Tuesday, August 9, 2011

Redemption at the grocery: a Take Back Your Pride coupon

How do you recover from a creative lull? Feeling scraped-out hollow after the dance showcase, I took drastic measures: I photographed produce. Doesn't everybody recharge at the sight of food?

OK, I'm more normal than I let on. I didn't set out to stalk celery (ahem), but weeks of artistic sugar low were beginning to worry me. Dust thick enough to plant potatoes had settled on the blog, the upcycled clothing shop and my photography on flickr. Finally, I felt a familiar stirring. We were downtown at Greens Market when weird beauty beckoned.

These remind me of Rembrandt's tulips
Squished squash petals—say that three times fast.
Nippled tubermajigs
Redefining beauty by Scrollwork
Came the showstopper. Christi, who works there, said, "You should've seen it yesterday when they were in bloom." But I like it better like this, all gnarly and writhing. So much more pathos. They seem to be cringing from the glare, collapsing into themselves in the retreat.

It reminds me of a recent conversation I had with my youngest daughter, nearly 24—the age I was when I had her. She's probably the only person on this planet I can be most transparent with, and we take turns being the fount of wisdom for each other.

One of the phrases I don't particularly care for is "for your age." You look good/you're fit/you're doing so well—all great compliments until they're followed by "for your age." Most younger people haven't felt the full impact of such a backhanded compliment.

But for the first time, in the context of our conversation, the phrase took on the best meaning intended.

A few days ago, I'd been knocked off my rocker by a friend's action, which had ricocheted at me out of nowhere. My usually imperturbable self-esteem had taken a hit. All because the friend had reneged on our previous agreement and chosen someone over me THEN lightheartedly cited the younger woman's physical attributes in his defense. A double whammy.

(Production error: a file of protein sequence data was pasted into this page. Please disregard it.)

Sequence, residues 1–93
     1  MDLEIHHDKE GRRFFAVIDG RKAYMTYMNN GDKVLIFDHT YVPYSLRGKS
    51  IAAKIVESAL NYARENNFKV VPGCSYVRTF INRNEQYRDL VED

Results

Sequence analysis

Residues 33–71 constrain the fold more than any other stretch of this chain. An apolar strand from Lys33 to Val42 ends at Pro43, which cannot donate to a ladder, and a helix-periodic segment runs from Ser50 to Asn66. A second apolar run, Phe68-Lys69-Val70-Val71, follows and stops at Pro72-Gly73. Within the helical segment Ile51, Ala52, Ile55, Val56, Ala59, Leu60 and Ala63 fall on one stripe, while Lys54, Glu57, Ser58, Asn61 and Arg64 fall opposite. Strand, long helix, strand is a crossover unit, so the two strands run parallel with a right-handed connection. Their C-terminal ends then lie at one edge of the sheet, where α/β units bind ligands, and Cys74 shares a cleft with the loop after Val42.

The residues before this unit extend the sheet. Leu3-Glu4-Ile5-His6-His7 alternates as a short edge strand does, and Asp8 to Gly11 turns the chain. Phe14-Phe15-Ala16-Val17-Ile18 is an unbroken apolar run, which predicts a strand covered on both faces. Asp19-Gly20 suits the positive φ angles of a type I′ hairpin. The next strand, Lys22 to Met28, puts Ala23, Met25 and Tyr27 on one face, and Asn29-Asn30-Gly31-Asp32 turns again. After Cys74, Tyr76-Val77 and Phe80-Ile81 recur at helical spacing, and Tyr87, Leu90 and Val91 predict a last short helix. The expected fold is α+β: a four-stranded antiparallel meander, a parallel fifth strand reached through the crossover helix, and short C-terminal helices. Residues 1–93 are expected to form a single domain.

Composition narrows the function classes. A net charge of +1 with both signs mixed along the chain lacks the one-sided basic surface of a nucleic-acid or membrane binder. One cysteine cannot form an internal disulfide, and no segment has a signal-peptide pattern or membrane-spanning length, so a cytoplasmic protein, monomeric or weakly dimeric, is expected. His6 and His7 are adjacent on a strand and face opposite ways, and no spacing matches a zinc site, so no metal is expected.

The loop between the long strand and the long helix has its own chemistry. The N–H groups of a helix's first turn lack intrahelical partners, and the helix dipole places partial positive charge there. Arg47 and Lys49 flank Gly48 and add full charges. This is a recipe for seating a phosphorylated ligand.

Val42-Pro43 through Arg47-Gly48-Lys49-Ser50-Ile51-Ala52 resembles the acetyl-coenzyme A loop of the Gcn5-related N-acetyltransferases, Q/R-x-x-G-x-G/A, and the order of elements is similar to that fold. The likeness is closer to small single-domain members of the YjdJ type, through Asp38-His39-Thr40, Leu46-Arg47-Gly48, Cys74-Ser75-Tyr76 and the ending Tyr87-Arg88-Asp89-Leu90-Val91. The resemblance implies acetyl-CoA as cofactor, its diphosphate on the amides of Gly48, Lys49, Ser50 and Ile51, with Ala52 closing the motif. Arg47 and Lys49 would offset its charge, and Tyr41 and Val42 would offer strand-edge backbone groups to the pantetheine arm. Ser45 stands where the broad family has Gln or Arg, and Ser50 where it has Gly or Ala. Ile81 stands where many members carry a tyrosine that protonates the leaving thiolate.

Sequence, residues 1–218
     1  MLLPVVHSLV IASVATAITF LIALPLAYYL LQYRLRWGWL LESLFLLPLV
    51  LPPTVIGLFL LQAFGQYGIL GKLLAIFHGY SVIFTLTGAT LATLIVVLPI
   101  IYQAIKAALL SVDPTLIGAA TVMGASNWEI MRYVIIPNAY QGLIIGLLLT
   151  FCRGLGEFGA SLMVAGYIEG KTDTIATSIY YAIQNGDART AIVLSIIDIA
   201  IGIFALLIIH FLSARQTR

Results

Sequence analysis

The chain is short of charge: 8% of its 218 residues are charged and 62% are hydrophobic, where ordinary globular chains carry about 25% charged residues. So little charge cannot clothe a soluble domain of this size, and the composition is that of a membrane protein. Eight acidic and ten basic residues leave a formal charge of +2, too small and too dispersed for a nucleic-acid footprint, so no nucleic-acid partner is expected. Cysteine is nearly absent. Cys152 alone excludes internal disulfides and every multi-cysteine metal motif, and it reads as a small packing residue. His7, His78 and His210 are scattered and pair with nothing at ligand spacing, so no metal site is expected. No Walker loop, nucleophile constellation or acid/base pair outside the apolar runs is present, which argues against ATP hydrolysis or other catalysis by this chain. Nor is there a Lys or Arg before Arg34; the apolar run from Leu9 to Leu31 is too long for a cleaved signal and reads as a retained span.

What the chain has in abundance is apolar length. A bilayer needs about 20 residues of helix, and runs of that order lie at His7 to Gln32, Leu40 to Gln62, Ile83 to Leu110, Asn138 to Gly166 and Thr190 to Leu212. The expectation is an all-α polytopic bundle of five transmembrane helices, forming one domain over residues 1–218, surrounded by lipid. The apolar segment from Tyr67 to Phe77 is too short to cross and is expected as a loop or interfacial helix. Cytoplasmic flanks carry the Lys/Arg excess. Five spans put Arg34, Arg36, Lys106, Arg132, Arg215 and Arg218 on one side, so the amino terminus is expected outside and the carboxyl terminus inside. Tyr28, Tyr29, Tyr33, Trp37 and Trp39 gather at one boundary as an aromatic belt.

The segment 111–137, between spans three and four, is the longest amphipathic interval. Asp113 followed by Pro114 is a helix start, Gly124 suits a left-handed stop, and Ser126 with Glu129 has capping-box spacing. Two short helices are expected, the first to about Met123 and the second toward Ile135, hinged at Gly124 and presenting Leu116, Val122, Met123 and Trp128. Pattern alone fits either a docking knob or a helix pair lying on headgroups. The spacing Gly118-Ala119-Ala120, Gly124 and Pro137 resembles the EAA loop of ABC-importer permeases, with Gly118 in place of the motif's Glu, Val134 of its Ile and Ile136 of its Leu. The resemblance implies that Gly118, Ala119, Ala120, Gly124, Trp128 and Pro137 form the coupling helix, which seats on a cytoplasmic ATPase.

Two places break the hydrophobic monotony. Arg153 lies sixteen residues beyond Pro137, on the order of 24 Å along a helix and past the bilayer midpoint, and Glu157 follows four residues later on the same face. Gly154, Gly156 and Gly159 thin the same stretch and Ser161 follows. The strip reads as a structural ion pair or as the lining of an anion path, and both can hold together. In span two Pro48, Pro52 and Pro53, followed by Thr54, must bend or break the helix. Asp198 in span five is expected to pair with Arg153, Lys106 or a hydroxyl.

Times like these called for not just any BFF, but someone who owes you big-time for the 11 1/2 hours of contractions you endured to push her out into the world.

"Dialing Boo," my cellphone said. I felt comforted already.

My baby girl and I have perfected the art of debriefing and consultation within the window of time that is her lunch break. I've taught her well, by example. When it was I who had a day job we slotted her calls between deadlines. Now, apprised of the crisis in ego, she repeated to me a customized version of what only days earlier I had spoonfed her when she was reeling from her own oh-no-he-didn't situation.

"You're awesome."
"I'm awesome," I said flatly.
"For your age," she continued, specifying the components of awesomeness in my personhood.
"That girl," she added—and here's why I think she is wise beyond her years—"she's just young and beautiful, but she hasn't done anything with her life yet."
"She's your age," I noted. It didn't faze her. This girl, flesh of my flesh, could suspend her own need for validation for the moment to throw me a lifesaver. I took it. She'll need it back someday in the not too distant future, and I'm keeping it warm for her.

Because really, what other defense do we have against the obvious onslaught of time and the sharp though unintentional jab of a friend?

"You should've seen me when I was in bloom." No, that does nothing.

All we can do is point to our progeny and hope the blind can connect the dots: She's a beauty, and some of that must've come from, um, me.

As for the friend—Are you going to Scarborough Fair?